World Hepatitis Day is a public health holiday held each year to raise awareness about hepatitis, a group of infectious diseases that attack the liver and affect people all over the globe. The day also promotes testing and prevention for all five types of the disease: A, B, C, D and E. The World Hepatitis Alliance established this day in 2008 but did you know it was originally held on May 19? The date moved to July 28 in 2010 after the World Health Assembly decided to commemorate the birthday of Baruch Samuel Blumberg, an American physician who discovered hepatitis B in the Sixties, eventually winning a Nobel Prize for his work on the virus and its vaccine.
How to Take Part
Get tested on World Hepatitis Day because you may be unaware that you're infected. It’s a simple blood test that you can take at your doctor’s office or at your neighborhood health center. After you're tested, encourage your friends and family to do the same.
Join an event
Tons of health organizations and affiliates raise awareness about the virus with events on World Hepatitis Day, July 28. Attend concerts, rallies, pop-up testings and more. Search the World Hepatitis Day website to find an event near you.
Or, host your own awareness event
If you can’t find an event near you, no problem! Take the initiative to host a fundraising run/walk, happy hour or a meal. The World Hepatitis Day site has campaign materials, toolkits, and other resources you can download. So, let's get this party started!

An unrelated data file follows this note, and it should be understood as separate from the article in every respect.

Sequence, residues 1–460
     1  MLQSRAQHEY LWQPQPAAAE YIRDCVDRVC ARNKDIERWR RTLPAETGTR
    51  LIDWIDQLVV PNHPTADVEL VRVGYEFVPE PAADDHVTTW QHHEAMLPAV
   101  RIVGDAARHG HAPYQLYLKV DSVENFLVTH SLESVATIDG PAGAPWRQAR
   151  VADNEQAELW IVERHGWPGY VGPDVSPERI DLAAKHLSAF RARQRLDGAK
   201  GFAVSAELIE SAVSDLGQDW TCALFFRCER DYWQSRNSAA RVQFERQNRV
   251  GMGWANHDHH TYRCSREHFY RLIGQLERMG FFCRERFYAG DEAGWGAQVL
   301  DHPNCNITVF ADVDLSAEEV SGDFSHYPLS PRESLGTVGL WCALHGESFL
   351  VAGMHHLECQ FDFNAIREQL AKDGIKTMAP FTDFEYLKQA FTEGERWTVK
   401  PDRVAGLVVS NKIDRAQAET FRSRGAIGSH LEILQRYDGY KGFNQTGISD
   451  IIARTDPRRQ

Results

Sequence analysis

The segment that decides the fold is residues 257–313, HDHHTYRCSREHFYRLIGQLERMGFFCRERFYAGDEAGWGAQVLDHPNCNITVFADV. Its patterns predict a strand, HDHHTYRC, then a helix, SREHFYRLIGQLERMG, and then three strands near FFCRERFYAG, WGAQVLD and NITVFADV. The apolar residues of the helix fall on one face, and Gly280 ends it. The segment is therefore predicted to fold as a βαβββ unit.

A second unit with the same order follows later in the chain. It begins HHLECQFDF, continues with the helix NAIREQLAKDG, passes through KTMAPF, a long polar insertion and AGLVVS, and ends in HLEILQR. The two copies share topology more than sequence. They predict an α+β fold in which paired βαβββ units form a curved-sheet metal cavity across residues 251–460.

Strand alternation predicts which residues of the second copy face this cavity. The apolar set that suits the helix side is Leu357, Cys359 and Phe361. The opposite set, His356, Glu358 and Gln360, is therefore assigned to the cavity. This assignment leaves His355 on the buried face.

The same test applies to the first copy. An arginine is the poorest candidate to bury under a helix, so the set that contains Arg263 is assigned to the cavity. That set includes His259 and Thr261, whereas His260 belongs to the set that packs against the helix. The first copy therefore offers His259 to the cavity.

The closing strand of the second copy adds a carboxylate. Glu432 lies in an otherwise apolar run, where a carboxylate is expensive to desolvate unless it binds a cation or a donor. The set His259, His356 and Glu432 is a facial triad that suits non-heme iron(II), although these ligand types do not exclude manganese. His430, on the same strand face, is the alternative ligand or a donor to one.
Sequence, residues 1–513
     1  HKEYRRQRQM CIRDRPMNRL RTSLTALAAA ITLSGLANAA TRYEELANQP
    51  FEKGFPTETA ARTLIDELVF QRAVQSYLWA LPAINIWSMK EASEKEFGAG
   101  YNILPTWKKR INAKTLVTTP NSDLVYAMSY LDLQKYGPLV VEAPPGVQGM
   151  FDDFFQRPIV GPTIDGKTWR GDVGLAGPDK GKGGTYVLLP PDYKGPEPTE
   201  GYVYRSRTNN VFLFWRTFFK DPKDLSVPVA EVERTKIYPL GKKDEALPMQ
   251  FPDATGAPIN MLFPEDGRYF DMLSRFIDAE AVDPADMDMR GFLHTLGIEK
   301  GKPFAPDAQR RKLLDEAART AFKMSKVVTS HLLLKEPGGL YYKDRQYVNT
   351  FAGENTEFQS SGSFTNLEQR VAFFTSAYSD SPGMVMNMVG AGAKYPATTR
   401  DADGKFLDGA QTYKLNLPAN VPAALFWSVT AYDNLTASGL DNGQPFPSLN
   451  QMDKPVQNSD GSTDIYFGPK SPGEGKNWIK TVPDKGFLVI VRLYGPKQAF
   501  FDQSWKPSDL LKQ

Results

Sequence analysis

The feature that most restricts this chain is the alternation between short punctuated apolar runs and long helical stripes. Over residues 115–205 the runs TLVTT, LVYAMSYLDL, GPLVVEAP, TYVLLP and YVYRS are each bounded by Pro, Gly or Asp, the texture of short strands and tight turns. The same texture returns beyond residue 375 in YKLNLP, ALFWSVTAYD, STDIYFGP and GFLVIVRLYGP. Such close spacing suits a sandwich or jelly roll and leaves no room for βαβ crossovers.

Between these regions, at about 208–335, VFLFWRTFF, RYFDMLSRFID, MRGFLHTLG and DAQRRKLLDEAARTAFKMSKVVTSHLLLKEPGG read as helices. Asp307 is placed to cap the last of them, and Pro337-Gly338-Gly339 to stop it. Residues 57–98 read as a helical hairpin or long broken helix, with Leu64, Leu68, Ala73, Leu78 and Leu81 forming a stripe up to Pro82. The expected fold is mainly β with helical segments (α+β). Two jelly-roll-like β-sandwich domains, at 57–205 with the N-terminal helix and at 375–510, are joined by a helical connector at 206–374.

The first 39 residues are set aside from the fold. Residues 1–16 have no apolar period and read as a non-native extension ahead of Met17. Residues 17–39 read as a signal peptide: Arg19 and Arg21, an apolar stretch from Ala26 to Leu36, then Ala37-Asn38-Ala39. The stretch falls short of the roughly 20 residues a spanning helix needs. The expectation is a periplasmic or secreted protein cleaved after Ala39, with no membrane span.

Why World Hepatitis Day is Important
It’s a global epidemic
Hepatitis is not one of those diseases that only affects certain demographics or specific regions in the world; you can get hepatitis anywhere. It’s estimated that about 400 million people are infected by hepatitis, worldwide. You can contract hepatitis through blood contact or sexual intercourse. A mother can pass it to her child. That’s why hepatitis can affect people in places where there's little information about the impact on unsafe sexual practices or drug abuse. Left untreated, hepatitis can lead to dangerous and sometimes, fatal liver diseases.
We’ve made huge strides
Here’s the good news: over the last 100 years, there’s been considerable progress in preventing and treating hepatitis. There are vaccines for both hepatitis A and B. At an early age, people in developing countries automatically get these vaccines from their doctors. Hepatitis C is easily treated and hepatitis D and E are rare.
But we still have a long way to go
Almost 90% of the people who have contracted hepatitis don’t realize they’re infected. The World Hepatitis Alliance has set a challenging goal to eliminate viral hepatitis as a public health threat by 2030. With your help, it’s an achievable goal.